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RE: Journalist query: New Orleans levee/floodwall breaches

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John and All Good List Serve Members,

An interesting analogy is to compare the floods and levee performance in 1993 with the floods and performance in 2005 in New Orleans. There were thousands of miles of levees that were tested with the 1993 floods in the Midwest. There were no failures of US Army Corps of Engineers "owned" levees. There were levee failures, but these were agricultural levees that were not designed to the same risk as the levees constructed to protect Kansas City.

The following web site shows the history of the levee walls in Kansas City. There was a major program of levee construction and protection of Kansas City following the 1951 flood. The levee walls protected Kansas City quite well in the 1993 floods.

All to often we focus on what went wrong. We can not ignore those lessons, but we also need to look back and find what worked. If it worked, it is not as easily researched because of our focus for the spectacular, but there are lessons there as well.

It is interesting to see that once the New Orleans mega-pumps got power back on, how little time it took to pump the water. Those are amazing pumps designed by Wood. Some are almost 100 years old and they have 22 stations that can pump 47,000 cubic feet in one second. Now that's an amazing system of pumps.

......OK they need to do some work on back up power.

I would welcome a series of photographs in the future showing New Orleans high and dry with little damage to a future Cat 3 hurricane juxtaposed with photographs from Hurricane Katrina.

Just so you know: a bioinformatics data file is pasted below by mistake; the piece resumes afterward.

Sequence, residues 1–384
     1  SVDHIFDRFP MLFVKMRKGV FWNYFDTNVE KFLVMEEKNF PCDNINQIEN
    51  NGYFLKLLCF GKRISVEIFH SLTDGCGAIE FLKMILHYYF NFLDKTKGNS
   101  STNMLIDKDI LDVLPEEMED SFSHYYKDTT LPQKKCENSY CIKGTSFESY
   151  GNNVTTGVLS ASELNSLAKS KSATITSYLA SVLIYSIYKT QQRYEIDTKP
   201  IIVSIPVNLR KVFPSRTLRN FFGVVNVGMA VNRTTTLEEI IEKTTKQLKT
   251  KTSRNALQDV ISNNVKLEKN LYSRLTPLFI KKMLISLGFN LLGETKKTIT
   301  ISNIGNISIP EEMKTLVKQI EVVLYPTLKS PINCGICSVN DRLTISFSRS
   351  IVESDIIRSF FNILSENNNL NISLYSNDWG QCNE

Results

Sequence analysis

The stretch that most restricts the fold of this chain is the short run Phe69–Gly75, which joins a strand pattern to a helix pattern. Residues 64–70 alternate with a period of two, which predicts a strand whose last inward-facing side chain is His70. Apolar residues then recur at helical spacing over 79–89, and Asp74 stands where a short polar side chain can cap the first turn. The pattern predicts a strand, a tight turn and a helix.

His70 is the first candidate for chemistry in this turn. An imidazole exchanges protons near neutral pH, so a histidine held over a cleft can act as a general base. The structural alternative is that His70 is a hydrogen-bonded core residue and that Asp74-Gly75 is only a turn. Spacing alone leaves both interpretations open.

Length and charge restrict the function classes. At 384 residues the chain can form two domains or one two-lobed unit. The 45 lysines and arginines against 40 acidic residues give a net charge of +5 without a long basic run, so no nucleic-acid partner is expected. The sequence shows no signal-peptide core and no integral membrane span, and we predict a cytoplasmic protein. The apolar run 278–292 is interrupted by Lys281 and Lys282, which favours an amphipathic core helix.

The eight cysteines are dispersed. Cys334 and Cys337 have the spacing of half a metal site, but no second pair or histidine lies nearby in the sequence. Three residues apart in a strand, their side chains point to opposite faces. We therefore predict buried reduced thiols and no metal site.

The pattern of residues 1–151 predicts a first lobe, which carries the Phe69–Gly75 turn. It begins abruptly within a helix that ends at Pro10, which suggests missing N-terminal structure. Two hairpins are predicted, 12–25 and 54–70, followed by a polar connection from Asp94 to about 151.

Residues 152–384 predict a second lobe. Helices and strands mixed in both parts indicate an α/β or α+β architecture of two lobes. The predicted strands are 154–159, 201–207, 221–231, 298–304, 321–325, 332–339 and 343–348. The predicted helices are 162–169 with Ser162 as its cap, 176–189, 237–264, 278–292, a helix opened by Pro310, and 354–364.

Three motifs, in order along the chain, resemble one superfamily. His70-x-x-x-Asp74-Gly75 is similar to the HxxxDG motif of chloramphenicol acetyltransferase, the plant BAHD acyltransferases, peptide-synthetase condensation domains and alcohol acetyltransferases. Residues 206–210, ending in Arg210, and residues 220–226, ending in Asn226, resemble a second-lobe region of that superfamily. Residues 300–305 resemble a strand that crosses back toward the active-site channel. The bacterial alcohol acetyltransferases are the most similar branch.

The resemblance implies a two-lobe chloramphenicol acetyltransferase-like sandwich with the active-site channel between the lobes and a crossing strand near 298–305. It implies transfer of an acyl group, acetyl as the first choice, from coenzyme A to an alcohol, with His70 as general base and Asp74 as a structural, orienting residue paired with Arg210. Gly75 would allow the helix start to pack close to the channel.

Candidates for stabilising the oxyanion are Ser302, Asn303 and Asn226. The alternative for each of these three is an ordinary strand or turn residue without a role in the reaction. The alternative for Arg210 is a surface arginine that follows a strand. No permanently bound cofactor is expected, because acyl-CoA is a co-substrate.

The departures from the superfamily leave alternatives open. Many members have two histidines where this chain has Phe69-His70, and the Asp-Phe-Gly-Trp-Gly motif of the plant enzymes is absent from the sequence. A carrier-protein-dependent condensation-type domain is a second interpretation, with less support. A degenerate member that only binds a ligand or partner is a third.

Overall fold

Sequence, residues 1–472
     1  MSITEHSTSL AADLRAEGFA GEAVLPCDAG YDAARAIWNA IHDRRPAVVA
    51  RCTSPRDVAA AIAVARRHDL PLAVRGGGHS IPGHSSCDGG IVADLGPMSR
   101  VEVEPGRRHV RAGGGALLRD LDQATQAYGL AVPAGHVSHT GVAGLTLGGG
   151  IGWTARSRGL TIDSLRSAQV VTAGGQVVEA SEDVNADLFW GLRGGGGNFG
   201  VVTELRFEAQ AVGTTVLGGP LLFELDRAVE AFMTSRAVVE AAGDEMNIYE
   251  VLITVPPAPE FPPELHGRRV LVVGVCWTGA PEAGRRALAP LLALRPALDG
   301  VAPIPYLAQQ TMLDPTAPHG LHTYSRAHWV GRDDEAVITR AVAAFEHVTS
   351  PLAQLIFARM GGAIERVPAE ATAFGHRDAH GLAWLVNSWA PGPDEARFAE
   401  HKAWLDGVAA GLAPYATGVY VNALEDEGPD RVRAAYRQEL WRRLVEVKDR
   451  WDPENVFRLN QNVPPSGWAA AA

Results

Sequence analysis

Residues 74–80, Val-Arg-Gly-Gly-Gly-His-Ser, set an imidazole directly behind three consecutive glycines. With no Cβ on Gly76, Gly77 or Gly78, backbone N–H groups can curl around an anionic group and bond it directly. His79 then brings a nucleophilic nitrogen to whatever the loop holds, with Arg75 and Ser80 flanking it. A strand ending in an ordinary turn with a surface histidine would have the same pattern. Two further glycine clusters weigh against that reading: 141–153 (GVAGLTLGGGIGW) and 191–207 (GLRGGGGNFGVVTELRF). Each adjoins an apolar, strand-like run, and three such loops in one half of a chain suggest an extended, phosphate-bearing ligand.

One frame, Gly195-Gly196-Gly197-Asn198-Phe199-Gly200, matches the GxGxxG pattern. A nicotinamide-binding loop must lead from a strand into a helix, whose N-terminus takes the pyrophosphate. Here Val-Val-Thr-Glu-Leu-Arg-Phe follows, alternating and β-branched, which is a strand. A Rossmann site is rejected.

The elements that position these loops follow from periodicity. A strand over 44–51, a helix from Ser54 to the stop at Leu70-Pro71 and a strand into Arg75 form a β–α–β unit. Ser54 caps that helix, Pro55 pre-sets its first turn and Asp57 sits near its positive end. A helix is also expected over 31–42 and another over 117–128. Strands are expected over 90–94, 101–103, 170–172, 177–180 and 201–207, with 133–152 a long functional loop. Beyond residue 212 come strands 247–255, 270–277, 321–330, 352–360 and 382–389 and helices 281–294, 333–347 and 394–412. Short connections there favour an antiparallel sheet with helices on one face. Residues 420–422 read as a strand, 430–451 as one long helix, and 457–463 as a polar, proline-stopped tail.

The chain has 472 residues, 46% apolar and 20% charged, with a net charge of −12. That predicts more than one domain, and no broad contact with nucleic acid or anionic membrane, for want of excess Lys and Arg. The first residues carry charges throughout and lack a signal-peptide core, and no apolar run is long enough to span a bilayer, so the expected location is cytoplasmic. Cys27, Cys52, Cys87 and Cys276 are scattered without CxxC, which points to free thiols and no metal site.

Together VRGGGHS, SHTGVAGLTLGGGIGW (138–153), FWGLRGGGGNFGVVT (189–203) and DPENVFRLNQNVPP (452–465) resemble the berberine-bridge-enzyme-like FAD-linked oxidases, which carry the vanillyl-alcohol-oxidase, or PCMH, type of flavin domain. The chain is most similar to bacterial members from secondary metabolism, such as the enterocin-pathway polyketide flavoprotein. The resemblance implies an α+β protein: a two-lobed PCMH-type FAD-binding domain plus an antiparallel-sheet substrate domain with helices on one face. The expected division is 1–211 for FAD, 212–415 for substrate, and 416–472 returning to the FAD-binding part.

Harold Sprague

From: "John McQuaid" <John.McQuaid(--nospam--at)>
Reply-To: <seaint(--nospam--at)>
To: <seaint(--nospam--at)>
Subject: Journalist query: New Orleans levee/floodwall breaches
Date: Fri, 23 Sep 2005 16:35:03 -0400

I am a reporter for The Times-Picayune of New Orleans. I am researching the
engineering issues raised by the structural failures in several canal
floodwalls in New Orleans during Hurricane Katrina (and the ongoing problems
with Hurricane Rita) and am seeking expertise/input from structural
engineers and other scientists with expertise in the area of materials

Trying to develop a deeper understanding of the forces that would have been
acting on floodwalls with high water in the canals, various failure
dynamics, etc.

Any help/references appreciated.


John McQuaid

The Times-Picayune, New Orleans

Washington bureau

1101 Connecticut Avenue NW s. 300

Washington, DC 20036



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